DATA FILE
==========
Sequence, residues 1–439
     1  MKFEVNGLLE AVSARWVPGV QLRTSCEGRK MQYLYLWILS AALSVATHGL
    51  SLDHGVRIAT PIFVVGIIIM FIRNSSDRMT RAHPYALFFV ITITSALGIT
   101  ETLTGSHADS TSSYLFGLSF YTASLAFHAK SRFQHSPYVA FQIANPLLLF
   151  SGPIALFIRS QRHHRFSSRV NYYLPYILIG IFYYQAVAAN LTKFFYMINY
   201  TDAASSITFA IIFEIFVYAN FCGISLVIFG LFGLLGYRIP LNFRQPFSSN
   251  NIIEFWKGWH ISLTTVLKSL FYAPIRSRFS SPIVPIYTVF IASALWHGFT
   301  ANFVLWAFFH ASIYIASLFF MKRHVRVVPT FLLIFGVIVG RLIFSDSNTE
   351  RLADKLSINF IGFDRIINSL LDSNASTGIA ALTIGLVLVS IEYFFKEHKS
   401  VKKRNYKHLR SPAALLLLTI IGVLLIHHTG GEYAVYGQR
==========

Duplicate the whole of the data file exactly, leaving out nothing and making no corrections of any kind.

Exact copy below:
Sequence, residues 1–439
     1  MKFEVNGLLE AVSARWVPGV QLRTSCEGRK MQYLYLWILS AALSVATHGL
    51  SLDHGVRIAT PIFVVGIIIM FIRNSSDRMT RAHPYALFFV ITITSALGIT
   101  ETLTGSHADS TSSYLFGLSF YTASLAFHAK SRFQHSPYVA FQIANPLLLF
   151  SGPIALFIRS QRHHRFSSRV NYYLPYILIG IFYYQAVAAN LTKFFYMINY
   201  TDAASSITFA IIFEIFVYAN FCGISLVIFG LFGLLGYRIP LNFRQPFSSN
   251  NIIEFWKGWH ISLTTVLKSL FYAPIRSRFS SPIVPIYTVF IASALWHGFT
   301  ANFVLWAFFH ASIYIASLFF MKRHVRVVPT FLLIFGVIVG RLIFSDSNTE
   351  RLADKLSINF IGFDRIINSL LDSNASTGIA ALTIGLVLVS IEYFFKEHKS
   401  VKKRNYKHLR SPAALLLLTI IGVLLIHHTG GEYAVYGQR